Actuary Taylor Fry has released the annual Radar report with his ‘class by class’ insights for insurers.
Taylor Fry says that by leveraging data from the Australian Prudential Regulation Authority (APRA) combined with “deep industry knowledge and experience” it is able to “pick” each business area.
It’s mostly good news, despite the surge in natural catastrophe claims, as every line of business except households is making a profit.
But those gains are less substantial than the industry would like, and a number of challenges are looming.
We’ve picked out the most important results in some of the main classes.
FY22 was challenging as domestic motor insurers faced large claims from East Coast flooding and an inflationary environment.
But insurers delivered strong growth in gross written premiums (GWP) – up 8% to counteract this pressure (4% premium growth and 4% rise in risks written on average).
Competition continues to intensify as challenger brands emerge and incumbent insurers must continue to innovate in products and pricing.
While severe weather is expected to continue to have an impact, the entrenchment of work from home should also increase loss ratios.
Insurers face supply chain issues as vehicles and parts become more expensive.
Commercial Motor has remained profitable despite rising claims costs due to supply chain issues.
GWP increased by 12%, thanks in part to an 8% increase in average premium, but cost pressures are expected to continue with increased use of technology in vehicles and labor and production shortages affecting repair costs and waiting times for impact customers.
Taylor Fry says that more frequent and costly natural catastrophes “are threatening the continued viability of home insurance,” particularly in flood-prone regions.
Multiple floods and high repair costs made FY22 a losing year for insurers, despite a 6% increase in average premiums. Combined ratios remain above 100% for the third year in a row.
The report mentions the introduction of the federal government’s hurricane reinsurance pool but says it is “only part of the solution”.
Other areas to consider are: reducing insurance taxes, reducing existing properties, cross-subsidizing between low and high risk homes, and improving building standards and planning.
According to the report, keeping insurance available and affordable requires ongoing collaboration between all parties.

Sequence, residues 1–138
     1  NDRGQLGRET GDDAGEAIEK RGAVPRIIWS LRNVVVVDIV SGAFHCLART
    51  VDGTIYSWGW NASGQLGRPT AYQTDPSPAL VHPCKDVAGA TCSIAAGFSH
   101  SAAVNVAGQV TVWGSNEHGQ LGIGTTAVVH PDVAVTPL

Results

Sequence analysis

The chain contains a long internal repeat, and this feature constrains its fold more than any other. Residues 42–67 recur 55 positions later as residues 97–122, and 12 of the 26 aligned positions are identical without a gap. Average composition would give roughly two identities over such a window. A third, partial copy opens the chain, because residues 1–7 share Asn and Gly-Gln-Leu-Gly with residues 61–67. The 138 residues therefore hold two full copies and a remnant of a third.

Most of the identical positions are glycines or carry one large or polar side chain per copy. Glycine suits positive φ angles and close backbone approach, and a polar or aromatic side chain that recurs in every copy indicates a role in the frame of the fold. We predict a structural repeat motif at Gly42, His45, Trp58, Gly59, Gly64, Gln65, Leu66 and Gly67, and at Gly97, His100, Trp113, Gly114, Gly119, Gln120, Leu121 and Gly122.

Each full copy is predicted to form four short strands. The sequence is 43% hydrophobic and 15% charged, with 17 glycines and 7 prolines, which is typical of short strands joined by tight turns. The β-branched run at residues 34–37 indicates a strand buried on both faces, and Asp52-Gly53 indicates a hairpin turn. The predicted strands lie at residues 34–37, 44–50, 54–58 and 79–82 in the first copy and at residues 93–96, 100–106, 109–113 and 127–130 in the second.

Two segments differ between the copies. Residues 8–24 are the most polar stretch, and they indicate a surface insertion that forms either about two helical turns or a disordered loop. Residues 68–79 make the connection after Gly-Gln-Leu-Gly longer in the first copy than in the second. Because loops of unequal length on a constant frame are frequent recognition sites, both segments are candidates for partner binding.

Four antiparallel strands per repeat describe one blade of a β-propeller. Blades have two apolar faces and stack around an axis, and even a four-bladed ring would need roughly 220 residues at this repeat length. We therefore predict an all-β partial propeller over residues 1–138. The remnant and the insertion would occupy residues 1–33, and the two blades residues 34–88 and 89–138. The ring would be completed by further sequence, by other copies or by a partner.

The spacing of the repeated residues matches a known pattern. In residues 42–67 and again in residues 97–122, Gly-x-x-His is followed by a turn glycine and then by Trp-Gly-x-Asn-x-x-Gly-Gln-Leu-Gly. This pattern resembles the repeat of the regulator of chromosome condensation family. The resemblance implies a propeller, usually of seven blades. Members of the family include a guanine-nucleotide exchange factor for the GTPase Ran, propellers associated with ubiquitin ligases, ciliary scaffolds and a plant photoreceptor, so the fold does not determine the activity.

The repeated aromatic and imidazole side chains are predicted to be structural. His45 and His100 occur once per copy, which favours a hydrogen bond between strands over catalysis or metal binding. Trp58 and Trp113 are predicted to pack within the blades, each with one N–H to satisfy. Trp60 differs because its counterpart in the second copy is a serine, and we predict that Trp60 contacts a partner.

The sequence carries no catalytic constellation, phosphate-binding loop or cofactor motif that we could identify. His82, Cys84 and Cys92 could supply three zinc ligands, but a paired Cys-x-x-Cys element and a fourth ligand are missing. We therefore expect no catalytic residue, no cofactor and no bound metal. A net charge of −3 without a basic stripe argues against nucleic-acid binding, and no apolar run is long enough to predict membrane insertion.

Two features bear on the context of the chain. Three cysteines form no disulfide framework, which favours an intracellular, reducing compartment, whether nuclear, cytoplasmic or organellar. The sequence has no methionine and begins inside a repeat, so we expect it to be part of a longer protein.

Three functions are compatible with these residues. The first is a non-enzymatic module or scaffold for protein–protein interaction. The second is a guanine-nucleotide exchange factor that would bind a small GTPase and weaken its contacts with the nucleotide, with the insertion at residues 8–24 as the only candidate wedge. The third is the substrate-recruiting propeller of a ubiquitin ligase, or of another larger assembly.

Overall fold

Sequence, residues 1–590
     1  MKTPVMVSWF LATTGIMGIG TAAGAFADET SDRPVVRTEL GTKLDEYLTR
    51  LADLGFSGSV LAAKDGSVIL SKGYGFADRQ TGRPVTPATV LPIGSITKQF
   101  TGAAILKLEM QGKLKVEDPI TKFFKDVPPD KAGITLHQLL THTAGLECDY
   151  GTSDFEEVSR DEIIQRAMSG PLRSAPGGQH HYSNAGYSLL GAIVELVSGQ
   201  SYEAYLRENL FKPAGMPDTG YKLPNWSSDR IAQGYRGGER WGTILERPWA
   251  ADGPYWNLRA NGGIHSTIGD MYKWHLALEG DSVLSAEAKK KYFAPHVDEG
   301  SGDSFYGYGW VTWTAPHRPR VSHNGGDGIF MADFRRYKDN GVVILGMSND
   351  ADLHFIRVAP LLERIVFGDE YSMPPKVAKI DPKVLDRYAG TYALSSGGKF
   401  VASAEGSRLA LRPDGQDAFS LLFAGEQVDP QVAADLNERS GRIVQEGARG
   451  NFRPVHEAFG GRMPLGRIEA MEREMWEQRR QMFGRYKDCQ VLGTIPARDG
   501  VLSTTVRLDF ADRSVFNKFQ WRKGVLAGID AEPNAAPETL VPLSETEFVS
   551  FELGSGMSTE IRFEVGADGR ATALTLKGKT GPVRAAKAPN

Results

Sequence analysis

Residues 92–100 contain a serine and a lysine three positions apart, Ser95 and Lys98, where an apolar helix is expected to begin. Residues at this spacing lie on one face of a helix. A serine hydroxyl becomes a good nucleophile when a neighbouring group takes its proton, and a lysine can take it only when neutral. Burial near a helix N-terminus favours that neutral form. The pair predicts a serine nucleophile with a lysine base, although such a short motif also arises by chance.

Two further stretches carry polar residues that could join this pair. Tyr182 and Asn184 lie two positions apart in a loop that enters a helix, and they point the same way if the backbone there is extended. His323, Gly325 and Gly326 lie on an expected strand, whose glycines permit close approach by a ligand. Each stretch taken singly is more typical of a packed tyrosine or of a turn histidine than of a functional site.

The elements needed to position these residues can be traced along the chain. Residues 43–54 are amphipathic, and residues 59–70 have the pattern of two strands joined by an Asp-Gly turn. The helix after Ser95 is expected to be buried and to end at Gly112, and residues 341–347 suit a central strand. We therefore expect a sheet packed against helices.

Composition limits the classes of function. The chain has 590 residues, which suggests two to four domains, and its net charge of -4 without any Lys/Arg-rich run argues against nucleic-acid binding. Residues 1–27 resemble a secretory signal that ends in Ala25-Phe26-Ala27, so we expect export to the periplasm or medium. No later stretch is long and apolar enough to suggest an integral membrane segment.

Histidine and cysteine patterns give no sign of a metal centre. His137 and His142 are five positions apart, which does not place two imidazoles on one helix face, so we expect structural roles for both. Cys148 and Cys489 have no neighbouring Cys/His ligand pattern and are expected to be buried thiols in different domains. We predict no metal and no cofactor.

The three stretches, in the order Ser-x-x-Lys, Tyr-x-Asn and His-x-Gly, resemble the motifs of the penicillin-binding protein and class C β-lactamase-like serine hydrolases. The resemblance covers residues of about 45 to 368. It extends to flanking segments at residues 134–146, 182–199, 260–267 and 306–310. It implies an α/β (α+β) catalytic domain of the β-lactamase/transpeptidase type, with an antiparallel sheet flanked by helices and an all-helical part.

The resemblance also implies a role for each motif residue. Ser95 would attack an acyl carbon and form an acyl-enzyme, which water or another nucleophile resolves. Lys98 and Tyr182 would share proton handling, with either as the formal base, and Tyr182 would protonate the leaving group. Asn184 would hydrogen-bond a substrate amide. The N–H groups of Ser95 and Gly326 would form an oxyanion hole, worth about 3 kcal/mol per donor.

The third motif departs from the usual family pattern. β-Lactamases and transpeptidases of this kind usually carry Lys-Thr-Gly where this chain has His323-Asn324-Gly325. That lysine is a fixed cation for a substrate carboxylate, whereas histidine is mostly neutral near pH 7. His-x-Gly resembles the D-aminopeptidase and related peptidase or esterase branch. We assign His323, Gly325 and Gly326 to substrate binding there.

“Insurers are asking, can I continue to offer home contents insurance in the current form and if so, at what price?”
commercial real estate
Underwriting results have improved over the past 12 to 18 months, but concerns remain about the profitability of this class.
While the combined ratio has been below 100% for six quarters, reported net loss ratios benefited from the release of reserves and there were significant reinsurance recoveries from natural catastrophe events.
For an extended period of time, commercial real estate has generated negative insurance margins with an average combined ratio in excess of 100% over the last seven years.
Insurers reacted to high claims from natural hazards and the uncertainty about business interruption losses in connection with Covid-19 with premium increases by an average of 16%.
Travel insurance has returned to “sustainable profitability” despite a string of “teething troubles” ramping up post-Covid.
Many employees left the industry during the border closures, leading in particular to a shortage of claims managers that “creates a potential backlog” and puts additional pressure on the remaining employees.
Taylor Fry says long airport queues, canceled flights and lost bags increase the potential for complaints.
But the Covid impact on travel should ease as the pandemic becomes ‘endemic’ and real opportunity will open up for travel insurers who successfully weather the storm.
Professional indemnity and liability insurance
Premium growth is outpacing claims growth, leading to improved underwriting profits, which could increase insurers’ appetites.
However, Taylor Fry expects insurers to remain selective due to concerns about certain sectors.
And some of the government reforms that have reduced the number of class action lawsuits may be reversed.
Cyber remains an issue as attacks become more sophisticated and challenges with definitions mean silent cyber continues to be a problem.
Click here for the full radar report.